Cape Town - Western Cape Education MEC Debbie Schäfer has been lambasted by some Rustenburg Girls’ Junior School (RGJS) parents after she said the only black teacher at the school, who was coerced to resign, was treated fairly.
Grade 5 teacher and former RGJS pupil Nozipho Mthembu said she was unfairly discriminated against and asked to resign by the school principal, Di Berry, or face a disciplinary hearing for reasons she has yet to be informed about.
Mthembu, who started teaching at the school in January, was told that certain parents were not happy with her competency as a teacher and she was put on an “eight-point competency plan” by the school, which other teachers were not privy to. Mthembu was later invited into an unconventional meeting with the school principal, where her phone was taken away and she was asked to voluntarily resign or face a disciplinary hearing.
Mthembu then launched a complaint of unfair labour practice and discrimination with the Commission for Conciliation, Mediation and Arbitration (CCMA) and it was acknowledged by the commission that unfair labour practices were used by the school.
Schäfer responded to the news about the teacher being let go due to discrimination, saying: “The point of departure is that if a person of colour is dismissed, it must be racism.
“Mthembu resigned after ongoing legitimate concerns were raised with her. Out of respect for her privacy, these have not been disclosed. The admission of wrongdoing by the school at the CCMA was because of issues of procedure regarding the process followed - SGB’s are not experts in HR processes - not because of racism.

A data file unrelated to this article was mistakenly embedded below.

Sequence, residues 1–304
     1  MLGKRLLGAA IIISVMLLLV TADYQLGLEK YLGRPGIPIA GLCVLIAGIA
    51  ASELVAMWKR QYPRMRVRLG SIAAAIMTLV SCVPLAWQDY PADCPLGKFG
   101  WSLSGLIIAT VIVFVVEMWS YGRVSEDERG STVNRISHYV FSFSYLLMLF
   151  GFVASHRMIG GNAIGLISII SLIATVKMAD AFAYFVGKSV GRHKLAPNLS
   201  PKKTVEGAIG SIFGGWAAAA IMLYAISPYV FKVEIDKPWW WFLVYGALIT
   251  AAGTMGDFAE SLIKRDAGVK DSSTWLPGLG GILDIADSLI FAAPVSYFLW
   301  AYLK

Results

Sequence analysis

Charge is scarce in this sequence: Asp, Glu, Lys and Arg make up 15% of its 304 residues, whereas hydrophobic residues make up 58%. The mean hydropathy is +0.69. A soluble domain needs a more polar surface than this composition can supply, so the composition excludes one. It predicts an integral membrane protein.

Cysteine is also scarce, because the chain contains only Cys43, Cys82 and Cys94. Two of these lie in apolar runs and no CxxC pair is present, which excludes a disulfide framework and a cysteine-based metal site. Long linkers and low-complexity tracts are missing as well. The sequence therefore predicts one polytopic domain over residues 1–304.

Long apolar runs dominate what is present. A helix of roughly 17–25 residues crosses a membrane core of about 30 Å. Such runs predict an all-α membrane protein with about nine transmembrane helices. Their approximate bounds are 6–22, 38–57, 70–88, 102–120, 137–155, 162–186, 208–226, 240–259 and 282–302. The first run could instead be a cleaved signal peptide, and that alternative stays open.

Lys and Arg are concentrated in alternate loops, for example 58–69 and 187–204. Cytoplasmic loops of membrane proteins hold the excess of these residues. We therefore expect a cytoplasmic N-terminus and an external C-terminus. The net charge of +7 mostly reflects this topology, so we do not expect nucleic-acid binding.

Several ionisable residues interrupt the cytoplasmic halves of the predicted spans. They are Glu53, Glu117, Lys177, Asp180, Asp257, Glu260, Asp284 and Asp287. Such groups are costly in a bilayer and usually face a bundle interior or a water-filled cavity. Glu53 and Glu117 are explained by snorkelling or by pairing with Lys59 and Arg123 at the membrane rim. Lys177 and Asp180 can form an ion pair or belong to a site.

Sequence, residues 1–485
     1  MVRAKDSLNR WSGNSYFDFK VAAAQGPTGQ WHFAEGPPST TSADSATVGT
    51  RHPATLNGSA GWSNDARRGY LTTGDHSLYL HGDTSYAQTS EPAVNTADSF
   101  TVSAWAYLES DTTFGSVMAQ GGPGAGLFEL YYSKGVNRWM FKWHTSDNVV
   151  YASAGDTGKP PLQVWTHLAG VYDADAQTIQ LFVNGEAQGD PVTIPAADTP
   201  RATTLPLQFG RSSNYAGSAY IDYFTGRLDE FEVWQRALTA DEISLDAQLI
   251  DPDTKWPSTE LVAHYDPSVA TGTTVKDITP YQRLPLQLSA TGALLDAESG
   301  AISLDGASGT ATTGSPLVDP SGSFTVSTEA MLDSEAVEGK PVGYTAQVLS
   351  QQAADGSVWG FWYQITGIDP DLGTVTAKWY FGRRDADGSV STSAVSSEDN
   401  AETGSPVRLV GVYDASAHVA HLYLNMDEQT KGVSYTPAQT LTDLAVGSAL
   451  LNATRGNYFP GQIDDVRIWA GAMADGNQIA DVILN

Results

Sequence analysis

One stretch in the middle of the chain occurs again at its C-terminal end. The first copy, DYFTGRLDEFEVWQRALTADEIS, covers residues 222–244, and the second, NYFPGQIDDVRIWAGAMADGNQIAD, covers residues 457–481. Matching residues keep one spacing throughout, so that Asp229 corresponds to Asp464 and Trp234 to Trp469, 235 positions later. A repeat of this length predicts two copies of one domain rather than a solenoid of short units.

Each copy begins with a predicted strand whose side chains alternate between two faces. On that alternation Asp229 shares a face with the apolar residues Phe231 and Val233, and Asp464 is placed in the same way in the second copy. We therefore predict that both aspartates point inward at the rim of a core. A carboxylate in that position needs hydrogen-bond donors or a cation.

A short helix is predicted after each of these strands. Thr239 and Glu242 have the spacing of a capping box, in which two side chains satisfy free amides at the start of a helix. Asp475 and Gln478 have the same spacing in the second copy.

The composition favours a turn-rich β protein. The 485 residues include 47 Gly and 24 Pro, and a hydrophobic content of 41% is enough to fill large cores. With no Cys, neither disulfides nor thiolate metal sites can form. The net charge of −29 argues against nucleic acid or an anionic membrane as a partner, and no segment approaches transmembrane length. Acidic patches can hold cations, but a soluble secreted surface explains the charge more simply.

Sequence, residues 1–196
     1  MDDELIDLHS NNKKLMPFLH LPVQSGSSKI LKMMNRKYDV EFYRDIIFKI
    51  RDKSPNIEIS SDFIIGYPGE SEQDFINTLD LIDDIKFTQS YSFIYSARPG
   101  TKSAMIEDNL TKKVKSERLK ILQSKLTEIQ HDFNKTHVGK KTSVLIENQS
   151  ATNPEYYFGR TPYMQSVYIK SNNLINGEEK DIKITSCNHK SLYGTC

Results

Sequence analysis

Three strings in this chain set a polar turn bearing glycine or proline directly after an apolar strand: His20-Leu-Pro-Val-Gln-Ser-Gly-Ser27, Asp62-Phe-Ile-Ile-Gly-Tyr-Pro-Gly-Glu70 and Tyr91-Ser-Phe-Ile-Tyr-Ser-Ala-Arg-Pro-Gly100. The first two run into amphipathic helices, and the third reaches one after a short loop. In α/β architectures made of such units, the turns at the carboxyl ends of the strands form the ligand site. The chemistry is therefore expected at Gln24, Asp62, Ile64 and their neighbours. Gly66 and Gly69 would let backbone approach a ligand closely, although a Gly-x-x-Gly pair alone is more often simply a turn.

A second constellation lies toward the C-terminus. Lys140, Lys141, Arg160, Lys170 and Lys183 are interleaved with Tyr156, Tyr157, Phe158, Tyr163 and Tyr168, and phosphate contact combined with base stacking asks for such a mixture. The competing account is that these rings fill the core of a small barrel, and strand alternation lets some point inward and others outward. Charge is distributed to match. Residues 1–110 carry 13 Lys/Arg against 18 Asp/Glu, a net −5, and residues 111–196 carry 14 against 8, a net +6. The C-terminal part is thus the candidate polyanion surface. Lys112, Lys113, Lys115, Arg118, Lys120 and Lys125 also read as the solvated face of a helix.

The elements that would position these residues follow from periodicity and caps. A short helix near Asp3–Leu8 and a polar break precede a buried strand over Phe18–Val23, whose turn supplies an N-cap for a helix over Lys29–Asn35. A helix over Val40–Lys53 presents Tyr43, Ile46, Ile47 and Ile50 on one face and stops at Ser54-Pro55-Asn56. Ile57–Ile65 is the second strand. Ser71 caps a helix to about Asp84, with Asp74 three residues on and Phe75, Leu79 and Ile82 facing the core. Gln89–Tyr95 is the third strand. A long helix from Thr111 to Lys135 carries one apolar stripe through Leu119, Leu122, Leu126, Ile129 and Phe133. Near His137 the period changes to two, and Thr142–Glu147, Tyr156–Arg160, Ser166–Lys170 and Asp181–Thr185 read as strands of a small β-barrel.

“At the time we were also not aware of allegations of racism. The educator was employed by the SGB and not the WCED. The department therefore was not aware of the processes relating to the teacher’s appointment.”
A group of concerned parents at Rustenburg who created a group called Parents for Change, responded to Schäfer, saying Mthembu’s ill-treatment is a direct symptom of the institutional issues parents previously raised about the school.
The group said Schäfer’s response is driven by a political imperative and doesn’t address the real issues of creating schools where all children can belong and enjoy equal opportunity.
“(Mthembu) was subjected to numerous incidents of humiliation by parents without the school or the SGB intervening. Schäfer seems to be sure that no ill-treatment was meted out to Mthembu – this, despite claiming that the WCED had no knowledge of her appointment or of her resignation.
“We urge Schäfer to read the settlement agreement and speak to the school parent present at the CCMA meeting before further comment.”
The SGB said Mthembu was aware of the challenges she experienced as a teacher carrying out her duty, as the school has a record of meetings and interventions held to assist her.
The SGB held that Mthembu’s dismissal was not race-related. Mthembu held her position that the school hasn’t shared the concerns parents raised regarding her teaching with her and said the school has since replaced her with “a white teacher”.
“I know exactly why they were concerned… because a black teacher is teaching their kids at a school striving for excellence, which is the school motto. What excellence are you striving for? Whiteness?”